It is the largest privatisation deal in IT history, worth US$24.4 billion. That price values each share at $13.65, a significant 37% premium over the average closing share price over the last three months. It also represents a premium of 25% over Dell’s closing share price of $10.88 on 11 January, the last trading day before rumours of a possible going-private transaction were first published by Bloomberg.
Under the terms of the deal, the Dell board of directors has 45 days to seek better offers – which are extremely unlikely. The so-called ‘go-shop’ period allows the board to “actively solicit, receive, evaluate and potentially enter into negotiations with parties that offer alternative proposals”.
The deal involves a US$2 billion loan from Microsoft.
The Dell board has unanimously approved the agreement, under which Michael Dell and Silver Lake Partners will acquire Dell and take the company private subject to a number of conditions, including a vote of the unaffiliated stockholders.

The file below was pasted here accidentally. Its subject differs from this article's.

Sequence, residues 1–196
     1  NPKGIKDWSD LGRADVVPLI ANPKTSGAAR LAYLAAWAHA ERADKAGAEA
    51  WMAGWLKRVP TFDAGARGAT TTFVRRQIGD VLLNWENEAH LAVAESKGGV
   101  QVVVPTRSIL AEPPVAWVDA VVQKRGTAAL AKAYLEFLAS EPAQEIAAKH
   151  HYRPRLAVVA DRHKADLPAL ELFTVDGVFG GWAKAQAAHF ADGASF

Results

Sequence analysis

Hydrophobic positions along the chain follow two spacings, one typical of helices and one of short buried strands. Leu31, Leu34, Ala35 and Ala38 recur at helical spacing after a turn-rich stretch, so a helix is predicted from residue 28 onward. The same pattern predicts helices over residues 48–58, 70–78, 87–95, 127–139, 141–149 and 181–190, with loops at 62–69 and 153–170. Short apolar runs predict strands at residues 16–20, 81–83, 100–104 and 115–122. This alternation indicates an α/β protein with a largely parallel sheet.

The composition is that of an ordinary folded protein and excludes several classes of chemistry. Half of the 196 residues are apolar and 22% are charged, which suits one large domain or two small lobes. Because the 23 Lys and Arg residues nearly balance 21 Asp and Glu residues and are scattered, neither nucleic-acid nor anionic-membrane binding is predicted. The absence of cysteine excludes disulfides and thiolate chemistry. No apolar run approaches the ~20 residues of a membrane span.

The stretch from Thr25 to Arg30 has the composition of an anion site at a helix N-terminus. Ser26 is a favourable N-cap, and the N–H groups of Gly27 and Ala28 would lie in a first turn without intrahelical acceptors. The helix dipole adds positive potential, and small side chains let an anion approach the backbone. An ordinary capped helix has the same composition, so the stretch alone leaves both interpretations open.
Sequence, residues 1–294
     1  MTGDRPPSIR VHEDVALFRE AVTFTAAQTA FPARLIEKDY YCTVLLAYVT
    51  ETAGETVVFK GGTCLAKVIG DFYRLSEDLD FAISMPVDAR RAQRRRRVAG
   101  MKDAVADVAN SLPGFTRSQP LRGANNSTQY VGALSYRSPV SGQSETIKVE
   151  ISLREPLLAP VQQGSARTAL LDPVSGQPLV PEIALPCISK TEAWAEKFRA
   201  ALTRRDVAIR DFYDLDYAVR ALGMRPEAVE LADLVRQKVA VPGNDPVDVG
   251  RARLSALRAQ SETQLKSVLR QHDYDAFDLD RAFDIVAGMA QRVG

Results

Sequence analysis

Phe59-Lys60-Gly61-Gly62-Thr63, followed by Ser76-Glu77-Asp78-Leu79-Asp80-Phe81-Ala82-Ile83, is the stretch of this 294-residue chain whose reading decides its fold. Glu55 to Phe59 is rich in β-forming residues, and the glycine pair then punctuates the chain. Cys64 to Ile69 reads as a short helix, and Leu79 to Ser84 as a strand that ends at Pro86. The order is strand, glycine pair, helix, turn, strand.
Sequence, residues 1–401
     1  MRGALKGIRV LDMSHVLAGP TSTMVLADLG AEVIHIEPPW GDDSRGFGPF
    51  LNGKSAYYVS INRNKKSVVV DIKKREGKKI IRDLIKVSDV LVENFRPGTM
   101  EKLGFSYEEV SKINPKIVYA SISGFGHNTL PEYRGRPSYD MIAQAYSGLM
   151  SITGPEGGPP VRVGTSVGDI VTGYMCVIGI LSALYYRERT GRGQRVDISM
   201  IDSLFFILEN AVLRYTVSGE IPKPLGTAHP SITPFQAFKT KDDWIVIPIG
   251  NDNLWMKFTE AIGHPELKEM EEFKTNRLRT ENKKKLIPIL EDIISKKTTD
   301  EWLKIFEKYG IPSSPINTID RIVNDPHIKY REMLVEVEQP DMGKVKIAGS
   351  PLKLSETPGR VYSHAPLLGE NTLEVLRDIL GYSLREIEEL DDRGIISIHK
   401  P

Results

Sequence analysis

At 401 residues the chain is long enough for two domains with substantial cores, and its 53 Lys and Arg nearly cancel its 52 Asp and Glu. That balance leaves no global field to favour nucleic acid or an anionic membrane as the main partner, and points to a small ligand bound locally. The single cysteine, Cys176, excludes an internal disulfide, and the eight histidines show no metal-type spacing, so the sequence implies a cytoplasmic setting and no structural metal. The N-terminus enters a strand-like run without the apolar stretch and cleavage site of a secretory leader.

“I believe this transaction will open an exciting new chapter for Dell,” said Michael Dell. “We can deliver immediate value to stockholders, while we continue the execution of our long-term strategy and focus on delivering best-in-class solutions to our customers as a private enterprise.
“Dell has made solid progress executing this strategy over the past four years, but we recognise that it will still take more time, investment and patience. We are committed to delivering an unmatched customer experience and excited to pursue the path ahead.”
Following completion of the transaction, Michael Dell, who owns approximately 14% of Dell’s shares, will continue to lead the company as Chairman and Chief Executive Officer and will maintain a significant equity investment in Dell by contributing his shares of Dell to the new company, as well as making a substantial additional cash investment. Dell will continue to be headquartered in Round Rock, Texas.
The move makes sense. Dell lost nearly a third of its value last year as the epicentre of computing moved from Dell’s traditional strengths of PCs and servers to the mobile market. Michael Dell famously started the company in his university dorm room with $1000 in 1984, shaking up the existing PC market with a low cost direct sales model that turned the company into a hardware powerhouse in the 1990s.
The time would seem to be right – it would enable Dell to make technology investments and adopt strategies that not be affected by the tyranny of watching the stock price and quarterly earnings figures.